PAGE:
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- Publication'A warre ... commodious': Dramatizing Islamic Schism in and after Tamburlaine(University of Texas Press, 2012)The purpose of this essay is to show how the Tamburlaine plays, by dramatizing intra-Islamic conflict between an insistently Persian Tamburlaine and his Turkish enemies, and Tamburlaine’s extraordinary military successes and imperial gains, engage intensely and provocatively with religious schism and imperial sovereignty, two abiding and interlocked political concerns of late-Elizabethan London. And they do so in full consciousness of their domestic relevance and interest, I argue. Marlowe’s exploration of Tamburlaine’s imperial drive thus articulates and tests his contemporaries’ interest in classical Persian models of empire and in the contemporary Persian schismatic stance within the Islamic world. Finally, my essay considers the surprisingly muted legacy of Marlowe’s dramatization of Islamic schism on the early modern stage. The essay concludes by focussing on the single play of the era that responds most strongly and sensitively to Marlowe’s Tamburlaine plays: The Travailes of the Three English Brothers (1607). Here, once again, we find rehearsed their agenda to test English imperial fantasies mediated through the Persian model and facilitated in their dreaming by the schism dividing Persia from its more powerful Ottoman neighbours.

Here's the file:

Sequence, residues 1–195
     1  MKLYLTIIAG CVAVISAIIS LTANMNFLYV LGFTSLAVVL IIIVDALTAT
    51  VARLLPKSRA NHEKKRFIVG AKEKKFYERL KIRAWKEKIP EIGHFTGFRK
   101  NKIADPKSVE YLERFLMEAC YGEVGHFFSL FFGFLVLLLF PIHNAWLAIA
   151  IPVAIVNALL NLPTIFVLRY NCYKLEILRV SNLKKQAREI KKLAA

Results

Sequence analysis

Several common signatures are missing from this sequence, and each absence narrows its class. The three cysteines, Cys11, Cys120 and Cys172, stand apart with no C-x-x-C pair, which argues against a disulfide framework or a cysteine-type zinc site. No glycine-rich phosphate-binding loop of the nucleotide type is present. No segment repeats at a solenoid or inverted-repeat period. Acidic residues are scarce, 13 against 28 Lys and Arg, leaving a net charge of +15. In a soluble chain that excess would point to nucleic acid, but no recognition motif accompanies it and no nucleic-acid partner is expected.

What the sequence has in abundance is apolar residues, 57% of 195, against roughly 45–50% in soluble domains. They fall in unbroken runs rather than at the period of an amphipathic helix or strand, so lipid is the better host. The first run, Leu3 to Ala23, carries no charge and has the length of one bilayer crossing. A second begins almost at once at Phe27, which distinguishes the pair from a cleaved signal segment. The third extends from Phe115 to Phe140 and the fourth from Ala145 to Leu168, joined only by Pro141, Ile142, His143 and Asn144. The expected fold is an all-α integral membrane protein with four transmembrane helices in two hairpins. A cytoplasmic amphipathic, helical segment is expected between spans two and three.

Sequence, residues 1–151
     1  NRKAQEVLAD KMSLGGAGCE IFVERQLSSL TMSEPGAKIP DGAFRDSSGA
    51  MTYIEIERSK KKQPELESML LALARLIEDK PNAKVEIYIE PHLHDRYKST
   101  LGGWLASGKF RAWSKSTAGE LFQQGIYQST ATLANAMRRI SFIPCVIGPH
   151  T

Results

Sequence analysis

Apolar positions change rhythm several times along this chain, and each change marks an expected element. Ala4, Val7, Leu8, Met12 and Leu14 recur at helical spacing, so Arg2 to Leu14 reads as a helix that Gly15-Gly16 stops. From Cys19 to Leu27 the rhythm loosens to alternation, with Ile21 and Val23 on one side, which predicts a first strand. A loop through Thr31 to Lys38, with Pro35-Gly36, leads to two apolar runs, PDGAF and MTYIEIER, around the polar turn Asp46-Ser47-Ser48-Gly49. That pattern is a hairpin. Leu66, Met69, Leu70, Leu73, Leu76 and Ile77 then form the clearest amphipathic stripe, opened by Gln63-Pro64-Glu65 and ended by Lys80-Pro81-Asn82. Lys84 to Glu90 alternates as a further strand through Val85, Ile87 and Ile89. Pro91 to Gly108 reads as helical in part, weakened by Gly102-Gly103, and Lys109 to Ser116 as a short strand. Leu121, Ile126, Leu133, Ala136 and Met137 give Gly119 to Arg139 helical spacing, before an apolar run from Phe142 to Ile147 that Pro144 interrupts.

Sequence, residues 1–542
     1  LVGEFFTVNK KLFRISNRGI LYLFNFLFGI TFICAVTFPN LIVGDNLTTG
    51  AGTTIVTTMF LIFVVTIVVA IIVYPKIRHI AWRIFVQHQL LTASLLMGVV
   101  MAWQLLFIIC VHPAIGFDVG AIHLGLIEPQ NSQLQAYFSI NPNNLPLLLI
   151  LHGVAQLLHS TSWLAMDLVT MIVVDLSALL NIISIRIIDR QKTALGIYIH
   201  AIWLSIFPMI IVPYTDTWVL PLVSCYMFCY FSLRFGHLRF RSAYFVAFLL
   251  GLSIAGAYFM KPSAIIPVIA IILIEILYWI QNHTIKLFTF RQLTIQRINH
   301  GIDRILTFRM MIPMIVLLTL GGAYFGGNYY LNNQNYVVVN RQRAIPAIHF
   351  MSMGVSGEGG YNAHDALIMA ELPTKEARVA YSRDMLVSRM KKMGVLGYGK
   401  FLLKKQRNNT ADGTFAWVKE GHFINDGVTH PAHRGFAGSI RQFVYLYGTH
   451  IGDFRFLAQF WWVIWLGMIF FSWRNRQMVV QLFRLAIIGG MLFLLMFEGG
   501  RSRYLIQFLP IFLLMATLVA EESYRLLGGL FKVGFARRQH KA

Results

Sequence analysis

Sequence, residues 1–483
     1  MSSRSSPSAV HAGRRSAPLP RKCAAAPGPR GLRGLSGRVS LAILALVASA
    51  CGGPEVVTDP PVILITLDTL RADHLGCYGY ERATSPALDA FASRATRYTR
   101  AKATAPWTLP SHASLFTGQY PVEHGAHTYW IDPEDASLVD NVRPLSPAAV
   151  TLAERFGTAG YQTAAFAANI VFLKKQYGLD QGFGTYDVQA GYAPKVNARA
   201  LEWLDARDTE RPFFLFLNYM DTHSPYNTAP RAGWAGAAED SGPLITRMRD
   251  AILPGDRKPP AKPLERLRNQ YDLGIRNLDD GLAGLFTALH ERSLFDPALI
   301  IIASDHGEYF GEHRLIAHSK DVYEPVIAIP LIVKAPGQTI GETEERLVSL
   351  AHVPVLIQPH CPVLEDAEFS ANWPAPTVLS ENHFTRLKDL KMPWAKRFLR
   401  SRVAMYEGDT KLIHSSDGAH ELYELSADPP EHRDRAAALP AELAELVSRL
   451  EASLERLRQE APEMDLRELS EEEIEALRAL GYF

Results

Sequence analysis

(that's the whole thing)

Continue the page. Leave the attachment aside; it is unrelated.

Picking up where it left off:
- PublicationThe Not-Forgotten Empire: Images of Persia in English Renaissance Writing(Wiley, 2010-09-02)This essay argues that the image of Persia is a familiar, largely positive and particularly compelling one for English Renaissance readers and writers. It surveys the range of sources of information available, and the kinds of uses to which they were put. Challenging the weight of recent scholarship on the Ottomans which presents them writ large as the representatives of the 'East' for English audiences and readers, I hope to show that the distinctiveness of Persia in the English imagination is an important counter-weight to this sense of Eastern difference predicated on conceptions of Ottoman threat.
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